Read GOOD NEWS AND HARD WORK - NEWS AND GOVERNMENT - CHAPTER V of Crowds A Moving-Picture of Democracy, free online book, by Gerald Stanley Lee, on


Our American President, if one merely reads what the Constitution says about him, is a rather weak-looking character.

The founders of the country did not intend him to be anybody in particular-if it could be helped.  They were discouraged about allowing governments to be efficient.  Not very much that was constructive to do was handed over to him.  And the most important power they thought it would do for him to have was the veto or power to say “No.”

Possibly if our fathers had believed in liberty more they would have allowed more people to have some; or if they had believed in democracy more, or trusted the people more, they would have thought it would do to let them have leaders, but they had just got away.  They felt timid about human nature and decided that the less constructive the government was and the less chance the government had to be concrete, to interpret a people, to make opportunities and turn out events, the better.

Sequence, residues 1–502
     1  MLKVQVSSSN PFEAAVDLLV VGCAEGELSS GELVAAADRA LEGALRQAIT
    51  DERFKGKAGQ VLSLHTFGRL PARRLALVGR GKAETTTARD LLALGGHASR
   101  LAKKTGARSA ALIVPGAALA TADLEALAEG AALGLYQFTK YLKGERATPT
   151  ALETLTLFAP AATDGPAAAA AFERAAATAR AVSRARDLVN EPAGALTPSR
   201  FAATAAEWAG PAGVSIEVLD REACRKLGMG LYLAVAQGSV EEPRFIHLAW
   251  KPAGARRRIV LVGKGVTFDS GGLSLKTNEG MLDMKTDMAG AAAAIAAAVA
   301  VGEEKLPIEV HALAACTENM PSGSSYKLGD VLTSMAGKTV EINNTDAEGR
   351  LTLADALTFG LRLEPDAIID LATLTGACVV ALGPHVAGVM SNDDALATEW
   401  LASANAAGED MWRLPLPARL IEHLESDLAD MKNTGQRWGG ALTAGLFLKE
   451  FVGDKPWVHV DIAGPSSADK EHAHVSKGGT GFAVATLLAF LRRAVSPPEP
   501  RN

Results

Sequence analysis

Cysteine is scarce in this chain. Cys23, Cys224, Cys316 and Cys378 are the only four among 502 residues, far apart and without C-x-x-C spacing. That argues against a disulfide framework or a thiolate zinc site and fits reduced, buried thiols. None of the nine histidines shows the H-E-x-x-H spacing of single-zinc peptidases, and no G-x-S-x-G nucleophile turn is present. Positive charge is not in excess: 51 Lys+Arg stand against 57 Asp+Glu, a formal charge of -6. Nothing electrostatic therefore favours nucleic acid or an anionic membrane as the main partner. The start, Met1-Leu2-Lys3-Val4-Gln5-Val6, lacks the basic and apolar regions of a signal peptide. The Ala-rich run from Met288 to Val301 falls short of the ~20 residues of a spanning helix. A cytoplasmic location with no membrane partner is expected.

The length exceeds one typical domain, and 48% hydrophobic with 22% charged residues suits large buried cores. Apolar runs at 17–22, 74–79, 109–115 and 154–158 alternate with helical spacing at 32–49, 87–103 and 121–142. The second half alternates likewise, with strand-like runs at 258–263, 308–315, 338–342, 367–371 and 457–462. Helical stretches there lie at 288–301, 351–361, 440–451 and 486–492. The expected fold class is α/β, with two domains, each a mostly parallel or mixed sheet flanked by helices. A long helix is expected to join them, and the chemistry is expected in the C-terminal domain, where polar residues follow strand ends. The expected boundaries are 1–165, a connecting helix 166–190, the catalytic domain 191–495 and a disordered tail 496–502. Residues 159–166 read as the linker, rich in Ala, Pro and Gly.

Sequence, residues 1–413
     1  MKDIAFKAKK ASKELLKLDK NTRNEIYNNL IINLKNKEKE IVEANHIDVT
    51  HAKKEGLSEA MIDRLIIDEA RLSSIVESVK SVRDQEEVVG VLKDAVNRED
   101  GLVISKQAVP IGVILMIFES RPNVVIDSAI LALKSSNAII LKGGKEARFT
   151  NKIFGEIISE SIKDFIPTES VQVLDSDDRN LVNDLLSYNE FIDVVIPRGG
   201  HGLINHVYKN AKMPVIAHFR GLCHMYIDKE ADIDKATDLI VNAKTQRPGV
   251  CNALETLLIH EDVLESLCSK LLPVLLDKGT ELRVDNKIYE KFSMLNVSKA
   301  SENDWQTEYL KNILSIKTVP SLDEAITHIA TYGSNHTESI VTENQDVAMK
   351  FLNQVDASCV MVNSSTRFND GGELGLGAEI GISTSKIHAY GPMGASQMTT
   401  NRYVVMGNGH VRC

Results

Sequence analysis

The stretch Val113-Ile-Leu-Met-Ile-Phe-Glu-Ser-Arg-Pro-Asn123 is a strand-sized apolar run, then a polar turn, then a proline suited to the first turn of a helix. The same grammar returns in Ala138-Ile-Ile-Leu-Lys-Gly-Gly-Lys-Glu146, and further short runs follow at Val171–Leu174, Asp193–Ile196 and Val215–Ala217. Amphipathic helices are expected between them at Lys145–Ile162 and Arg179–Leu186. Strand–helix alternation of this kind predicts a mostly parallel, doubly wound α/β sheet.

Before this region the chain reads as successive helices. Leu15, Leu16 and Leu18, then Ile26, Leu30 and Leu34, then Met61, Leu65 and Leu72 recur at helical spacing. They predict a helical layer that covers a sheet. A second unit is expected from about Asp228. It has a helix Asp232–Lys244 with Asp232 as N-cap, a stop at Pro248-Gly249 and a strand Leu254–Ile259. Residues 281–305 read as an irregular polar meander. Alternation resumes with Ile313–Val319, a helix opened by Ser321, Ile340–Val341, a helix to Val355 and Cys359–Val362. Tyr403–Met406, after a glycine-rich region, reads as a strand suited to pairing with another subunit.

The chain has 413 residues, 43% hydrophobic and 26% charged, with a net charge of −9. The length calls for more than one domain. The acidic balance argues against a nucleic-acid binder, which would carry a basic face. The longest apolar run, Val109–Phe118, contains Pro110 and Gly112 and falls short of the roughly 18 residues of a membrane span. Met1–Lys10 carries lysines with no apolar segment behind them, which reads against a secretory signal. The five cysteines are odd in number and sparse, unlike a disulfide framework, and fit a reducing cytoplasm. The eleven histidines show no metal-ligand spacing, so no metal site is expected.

Looked at at first sight no more elaborate, impenetrable, water-tight arrangement for keeping a government from letting in an idea or ever having one of its own or ever doing anything for anybody, could have been conceived than the Constitution of the United States, as the average President interprets it.

Each branch of the government is arranged carefully to keep any other branch from doing anything, and then the people, every four years, look the whole country over for some new man they think will probably leave them alone more than anybody-and put him in for President.

Looking at it narrowly and by itself, all that a President selected like this could ever expect in America to put in his time on, would seem to be-being the country’s most importantly helpless man-the man who has been given the honour of being a somewhat more prominent failure in America than any one else would be allowed to be.

He stops people for four years.  Other people stop him for four years.  Then with a long happy sigh, at the end of his term, he slips back into real life and begins to do things.

This has been the more or less sedately disguised career of the typical American President.  Merely reading the Constitution or the lives of the Presidents, without looking at what has been happening to the habits of the people in the last few years, we might all be asking to-day, “What is there that is really constructive that President Wilson can do?” What is there that is going to prevent him, with all that moral earnestness dammed up in him, that sense of duty, that Presbyterian sense of other people’s duties-what is there that is going to prevent him, with his school-book habits, his ideals, his volumes of American history, from being a teachery or preachery person-a kind of Schoolmaster or Official Clergyman to Business?